I think historically and present day it appears that certain type of people have access to this idea of sexual liberation, right? Based on not only your body, but how you present, who you date or sleep with, all those things are really taken into consideration in addition to race, social class, education. So I think oftentimes when we're looking at sex education in general, a lot of times it comes from this health perspective, medicalized, public health, all the data statistics are negative and scary and those scare tactics that are used to try to get people not to have sex. So then if you go even deeper into it, then if you just do a brief search on, sexual pleasure, who are the participants? How are they described? What race are they? What age are they? Who are they sleeping with? They tend to be heterosexual folks, they tend to be white folks. But then if you see a study that is talking about pregnancy prevention, STIs, trauma, things like that, then oftentimes it is inclusive of Black folks. At least that's what I see. What is the message that we have there or that we receive when we're using a lot of scare tactics and intimidation as a method for teaching people about sex, and relationships, and their bodies. There's no space for pleasure in there. And in fact, depending on where you're getting this so-called sex education, what if you're getting it within the Catholic school, then there may be no conversation of pleasure in general, let alone sex. So when you do kind of get into the fold of things when it comes to sex and religion and pleasure It gets a little murky because there's this idea that pleasure is bad, it's scary, it's sinful, it will lead you astray, you'll get a taste of it and then you won't be able to move on, it will consume you. I work with a lot of folks who are working through religious trauma, religious shame, and sexual shame. And that's such a big piece of it. And broaching the conversation of sexual liberation can be really scary for folks with that type of background.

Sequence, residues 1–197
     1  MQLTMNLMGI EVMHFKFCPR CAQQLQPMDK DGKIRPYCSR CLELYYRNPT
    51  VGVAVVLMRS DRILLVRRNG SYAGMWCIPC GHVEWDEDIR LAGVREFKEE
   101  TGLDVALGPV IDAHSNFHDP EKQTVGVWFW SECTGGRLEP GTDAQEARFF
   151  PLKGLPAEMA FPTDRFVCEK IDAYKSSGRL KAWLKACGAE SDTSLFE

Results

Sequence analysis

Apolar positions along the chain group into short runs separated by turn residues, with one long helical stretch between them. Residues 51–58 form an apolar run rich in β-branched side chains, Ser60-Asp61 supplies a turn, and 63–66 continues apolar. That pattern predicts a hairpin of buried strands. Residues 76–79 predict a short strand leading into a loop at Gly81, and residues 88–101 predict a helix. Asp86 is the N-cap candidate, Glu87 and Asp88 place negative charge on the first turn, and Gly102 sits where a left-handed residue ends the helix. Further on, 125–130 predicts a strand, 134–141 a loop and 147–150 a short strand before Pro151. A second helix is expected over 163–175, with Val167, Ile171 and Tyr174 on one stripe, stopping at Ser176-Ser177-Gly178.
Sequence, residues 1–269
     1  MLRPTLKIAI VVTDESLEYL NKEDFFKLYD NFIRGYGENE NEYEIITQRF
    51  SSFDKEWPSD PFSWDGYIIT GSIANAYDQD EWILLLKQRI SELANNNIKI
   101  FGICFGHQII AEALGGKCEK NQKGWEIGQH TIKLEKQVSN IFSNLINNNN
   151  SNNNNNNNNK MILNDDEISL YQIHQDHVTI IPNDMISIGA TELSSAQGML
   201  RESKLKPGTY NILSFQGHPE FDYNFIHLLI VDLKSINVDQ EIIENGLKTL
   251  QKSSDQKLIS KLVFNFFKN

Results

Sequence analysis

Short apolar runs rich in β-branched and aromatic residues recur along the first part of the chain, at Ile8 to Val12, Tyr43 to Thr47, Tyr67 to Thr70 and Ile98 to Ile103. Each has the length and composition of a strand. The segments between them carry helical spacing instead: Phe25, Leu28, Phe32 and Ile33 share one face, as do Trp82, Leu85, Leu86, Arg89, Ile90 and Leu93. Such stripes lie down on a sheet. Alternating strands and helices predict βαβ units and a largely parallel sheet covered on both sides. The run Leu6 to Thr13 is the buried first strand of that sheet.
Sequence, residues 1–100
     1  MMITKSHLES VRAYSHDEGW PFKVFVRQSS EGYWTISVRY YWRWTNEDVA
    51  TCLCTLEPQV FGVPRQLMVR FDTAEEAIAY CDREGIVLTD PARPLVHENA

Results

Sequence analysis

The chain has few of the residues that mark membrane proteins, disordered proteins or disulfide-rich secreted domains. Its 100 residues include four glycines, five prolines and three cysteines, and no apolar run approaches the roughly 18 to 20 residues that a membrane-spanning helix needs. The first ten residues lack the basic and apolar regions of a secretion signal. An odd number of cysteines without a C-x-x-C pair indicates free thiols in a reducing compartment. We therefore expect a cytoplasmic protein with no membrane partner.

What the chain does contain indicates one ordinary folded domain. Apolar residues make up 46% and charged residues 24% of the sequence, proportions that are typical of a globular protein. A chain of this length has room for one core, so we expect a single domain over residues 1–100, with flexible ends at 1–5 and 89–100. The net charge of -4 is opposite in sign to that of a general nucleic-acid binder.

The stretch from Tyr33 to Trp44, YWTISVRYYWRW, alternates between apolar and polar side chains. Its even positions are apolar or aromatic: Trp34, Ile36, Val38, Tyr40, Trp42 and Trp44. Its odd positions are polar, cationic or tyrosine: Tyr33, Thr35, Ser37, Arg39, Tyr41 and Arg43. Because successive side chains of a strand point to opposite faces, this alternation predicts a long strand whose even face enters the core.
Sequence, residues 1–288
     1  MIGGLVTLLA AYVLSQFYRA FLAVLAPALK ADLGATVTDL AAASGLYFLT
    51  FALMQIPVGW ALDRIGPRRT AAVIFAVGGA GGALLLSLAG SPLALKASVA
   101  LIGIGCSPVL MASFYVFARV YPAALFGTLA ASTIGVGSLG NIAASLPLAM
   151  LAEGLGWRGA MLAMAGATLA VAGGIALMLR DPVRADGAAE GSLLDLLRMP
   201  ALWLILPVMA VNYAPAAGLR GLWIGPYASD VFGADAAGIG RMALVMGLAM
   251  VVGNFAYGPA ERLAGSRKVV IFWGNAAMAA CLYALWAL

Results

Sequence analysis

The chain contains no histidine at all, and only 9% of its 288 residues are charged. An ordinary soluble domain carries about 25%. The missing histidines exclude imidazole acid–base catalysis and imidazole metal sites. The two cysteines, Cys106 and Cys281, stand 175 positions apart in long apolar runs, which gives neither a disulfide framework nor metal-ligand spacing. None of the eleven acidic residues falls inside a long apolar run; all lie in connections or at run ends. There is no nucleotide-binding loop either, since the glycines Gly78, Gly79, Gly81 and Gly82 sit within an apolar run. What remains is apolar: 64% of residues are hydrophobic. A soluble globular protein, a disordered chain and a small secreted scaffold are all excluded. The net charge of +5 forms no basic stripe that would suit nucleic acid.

Eric

I think like that piece we're saying how like this worry of what will you have it you're going to just lose control. I feel like that was the situation back then in the 1960s and even today where it's like this fear of “Well, now that people are just, you know, able to have the sex that they want to when they want to, all the morals in our society are just going to go up in flames. It’ll just be pure chaos and no one's good anymore and we're all going to hell in a hand basket, you know. I feel like that's the same thing, like the storylines that we're hearing today around sex and sexuality, like Oh, people are too open. People are too into things. And where have the morals of America gone, right?” And I find it to be so interesting that that is always kind of the go-to. And it even makes me think of when I was writing a paper about sexual health for queer, trans youth…this idea that like the adults in the room are so fearful of pleasure for other people. There’s this unease, this like worrisome. And I'm trying to figure out how do we engage with that?


Rafaella